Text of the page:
New Zealand wildfires show no sign of easing, 3,000 flee

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New Zealand Defence Force firefighters combat the Richmond fire near Nelson, South Island, New Zealand, February 8, 2019. (REUTERS)
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In this image made from video, helicopters drop water on a wildfire coming over a ridge near a residential area, Friday, Feb. 8, 2019, in Wakefield, New Zealand. (AP)
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Smoke rises from the Richmond fire near Nelson, South Island, New Zealand, February 8, 2019. (REUTERS)
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New Zealand Defence Force firefighters combat the Richmond fire near Nelson, South Island, New Zealand, February 8, 2019. (REUTERS)
Updated 10 February 2019
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New Zealand wildfires show no sign of easing, 3,000 flee

  • Up to 3,000 people have been forced to leave the Wakefield and Pigeon Valley areas, NZ Civil Defense Controller Roger Ball told a Saturday news conference on Saturday

SYDNEY: Strong winds on Sunday are expected to fan forest fires that have been burning for a week through New Zealand’s South Island, forcing thousands of people from their homes, with more residents expected to flee, officials said.
The Pigeon Valley fire covers 2,300 ha (5,700 acres) with a 25 km (15 mile) perimeter, NZ Civil Defense said in a statement on its website.
No deaths have been reported and only one home destroyed.
“There is some concern about predicted high winds this afternoon, which are expected to test the control lines,” the agency said.
Early on Sunday, 155 firefighters were battling the blaze on the ground with air support from 23 helicopters and 3 fixed wing planes, the agency said, making it the largest aerial firefight on record in New Zealand.
Up to 3,000 people have been forced to leave the Wakefield and Pigeon Valley areas, NZ Civil Defense Controller Roger Ball told a Saturday news conference on Saturday.
More people were likely to be forced from their homes on Sunday.
New Zealand Red Cross Communications Manager Ellie van Baaren said evacuees were tired and frustrated.
“When you have to leave your home and in some cases your livestock and animals and you don’t know what’s become of them, and you’re staying with friends and family, then it’s an uncertain situation for everybody,” she told Reuters by telephone.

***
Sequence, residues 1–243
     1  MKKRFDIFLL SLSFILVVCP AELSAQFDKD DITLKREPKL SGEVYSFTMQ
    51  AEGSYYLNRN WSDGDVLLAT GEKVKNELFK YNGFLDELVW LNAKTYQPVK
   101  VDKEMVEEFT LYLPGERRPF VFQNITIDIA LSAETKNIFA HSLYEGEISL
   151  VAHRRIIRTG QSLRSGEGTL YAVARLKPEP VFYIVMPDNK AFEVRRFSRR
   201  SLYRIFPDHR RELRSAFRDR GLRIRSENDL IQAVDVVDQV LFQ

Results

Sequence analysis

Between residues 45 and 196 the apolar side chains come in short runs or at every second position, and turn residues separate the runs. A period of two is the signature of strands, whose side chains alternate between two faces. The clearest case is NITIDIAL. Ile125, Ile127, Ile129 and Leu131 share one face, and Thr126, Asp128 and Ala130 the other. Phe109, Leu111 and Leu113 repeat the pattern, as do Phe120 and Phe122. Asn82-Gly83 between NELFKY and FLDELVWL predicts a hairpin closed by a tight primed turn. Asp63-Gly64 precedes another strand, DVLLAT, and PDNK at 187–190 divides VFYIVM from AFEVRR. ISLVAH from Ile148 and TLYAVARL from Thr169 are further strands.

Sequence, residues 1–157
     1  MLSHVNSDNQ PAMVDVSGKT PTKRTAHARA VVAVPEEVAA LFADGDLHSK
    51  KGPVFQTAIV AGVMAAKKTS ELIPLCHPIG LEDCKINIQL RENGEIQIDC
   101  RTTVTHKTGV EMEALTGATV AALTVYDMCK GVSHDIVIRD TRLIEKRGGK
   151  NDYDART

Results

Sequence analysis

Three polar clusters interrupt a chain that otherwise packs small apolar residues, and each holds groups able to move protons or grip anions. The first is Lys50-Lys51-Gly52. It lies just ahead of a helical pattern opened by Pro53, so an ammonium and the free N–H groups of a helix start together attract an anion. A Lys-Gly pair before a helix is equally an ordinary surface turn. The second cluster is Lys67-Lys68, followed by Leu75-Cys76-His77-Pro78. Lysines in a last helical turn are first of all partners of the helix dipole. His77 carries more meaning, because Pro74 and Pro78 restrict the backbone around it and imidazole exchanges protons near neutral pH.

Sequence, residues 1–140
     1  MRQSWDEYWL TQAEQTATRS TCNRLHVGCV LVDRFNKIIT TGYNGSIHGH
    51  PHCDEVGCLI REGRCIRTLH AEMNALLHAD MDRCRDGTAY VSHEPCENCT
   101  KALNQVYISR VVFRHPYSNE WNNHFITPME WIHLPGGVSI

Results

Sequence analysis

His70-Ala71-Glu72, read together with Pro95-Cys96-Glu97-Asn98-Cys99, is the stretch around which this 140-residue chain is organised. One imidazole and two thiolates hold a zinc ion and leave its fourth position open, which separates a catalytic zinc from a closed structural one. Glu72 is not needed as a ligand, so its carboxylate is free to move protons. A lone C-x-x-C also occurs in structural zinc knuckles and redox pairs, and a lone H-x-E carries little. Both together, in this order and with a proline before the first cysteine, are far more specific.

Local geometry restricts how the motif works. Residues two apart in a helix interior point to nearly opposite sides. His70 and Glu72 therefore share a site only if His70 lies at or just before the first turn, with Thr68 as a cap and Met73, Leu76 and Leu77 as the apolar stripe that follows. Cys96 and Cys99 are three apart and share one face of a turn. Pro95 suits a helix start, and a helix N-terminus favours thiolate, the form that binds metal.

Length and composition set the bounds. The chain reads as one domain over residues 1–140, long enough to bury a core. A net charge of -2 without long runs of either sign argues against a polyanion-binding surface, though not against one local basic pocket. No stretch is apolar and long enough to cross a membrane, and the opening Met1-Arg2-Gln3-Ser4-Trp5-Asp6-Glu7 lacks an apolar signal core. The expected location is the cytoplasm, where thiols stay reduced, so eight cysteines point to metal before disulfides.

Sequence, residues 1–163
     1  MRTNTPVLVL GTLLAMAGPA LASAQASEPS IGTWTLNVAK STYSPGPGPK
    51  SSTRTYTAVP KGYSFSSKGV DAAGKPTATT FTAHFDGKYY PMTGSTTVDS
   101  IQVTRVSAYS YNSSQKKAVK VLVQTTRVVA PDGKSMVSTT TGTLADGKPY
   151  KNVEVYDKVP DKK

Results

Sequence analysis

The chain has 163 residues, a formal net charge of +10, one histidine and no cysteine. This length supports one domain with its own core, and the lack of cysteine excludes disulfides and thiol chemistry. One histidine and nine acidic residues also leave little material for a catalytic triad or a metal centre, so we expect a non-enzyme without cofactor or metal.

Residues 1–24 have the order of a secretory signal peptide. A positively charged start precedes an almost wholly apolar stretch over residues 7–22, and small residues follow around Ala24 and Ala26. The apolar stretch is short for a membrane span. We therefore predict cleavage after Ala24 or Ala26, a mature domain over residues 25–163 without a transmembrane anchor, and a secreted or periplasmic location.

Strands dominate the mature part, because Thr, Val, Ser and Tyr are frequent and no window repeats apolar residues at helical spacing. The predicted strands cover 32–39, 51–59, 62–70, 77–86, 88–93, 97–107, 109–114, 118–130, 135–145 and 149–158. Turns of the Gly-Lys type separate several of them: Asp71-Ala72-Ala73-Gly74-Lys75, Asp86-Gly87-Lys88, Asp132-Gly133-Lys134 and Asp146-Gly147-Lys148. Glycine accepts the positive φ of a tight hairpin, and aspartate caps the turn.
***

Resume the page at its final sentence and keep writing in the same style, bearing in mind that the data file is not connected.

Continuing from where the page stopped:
Much of the affected area south of Nelson was used for forestry but it also has many small farms. Some livestock has also been moved to safety.
Fires started on Monday and Tuesday and quickly spread. On Wednesday, authorities declared a state of emergency.
Hundreds of volunteer and professional firefighters, police, civil defense and military personnel are battling the fires.


Sri Lanka churches halt public services over security fears

Updated 16 min 13 sec ago
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Sri Lanka churches halt public services over security fears

  • Potential bombers ‘at large’ as death toll lowered to 253
  • Muslims asked to shun Friday prayer

COLOMBO: Sri Lanka’s Catholic churches suspended all public services over security fears on Thursday, as thousands of troops joined the hunt for suspects in deadly Easter bombings.

A senior priest said that all public services were being suspended and all churches closed “on the advice of security forces.”

Authorities revised the death toll down to 253, from the previous figure of 359, explaining that some of the badly mutilated bodies had been double-counted.

The father of two of the suspected bombers has been arrested on suspicion of aiding his sons.

Sri Lanka’s Prime Minister Ranil Wickremesinghe said suspects remained at large and could have access to explosives. Some of the suspects “may go out for a suicide attack,” Wickremesinghe said.

Hundreds of Ahmadi refugees in western Sri Lanka have taken refuge in mosques and a police station after facing intimidation following the bombings. Scores of Ahmadis who settled in Negombo after fleeing persecution in their home countries have been thrown out of their accommodation by landlords.

Sri Lanka’s Defense Secretary Hemasiri Fernando resigned on Thursday over security failures. He submitted a letter of resignation to President Maithripala Sirisena.

Britain’s Foreign Office advised against all but essential travel to Sri Lanka.

“The horrific attack is a demonstration of how tactics, techniques and procedures (TTPs) that originated in this island nation several decades ago returned to haunt a shocked and broken government thanks to a complete collapse of counterterrorism capability or capacity,” Dr. Theodore Karasik, a security expert, writes in an opinion piece.

Hate preacher Zahran Hashim, head of the National Thowheeth Jama’ath group that is being blamed for the attacks, developed a reputation as a preacher who “copied” Daesh propaganda videos to enhance his posts via the pro-Daesh Al-Ghuraba media channel, which used Facebook and YouTube as its primary platforms, Karasik says. 

Sri Lanka’s Islamic affairs minister, M. H. M. Haleem, asked all Muslims to avoid prayers on Friday for security reasons. He also said it would be a mark of respect for those who perished in the nation’s worst violence in years.

Politician and Western Province Gov. Azath Salley told Arab News that the blasts were orchestrated by a handful of extremists and that the island’s Muslim population could not be held responsible for their “deviant” actions.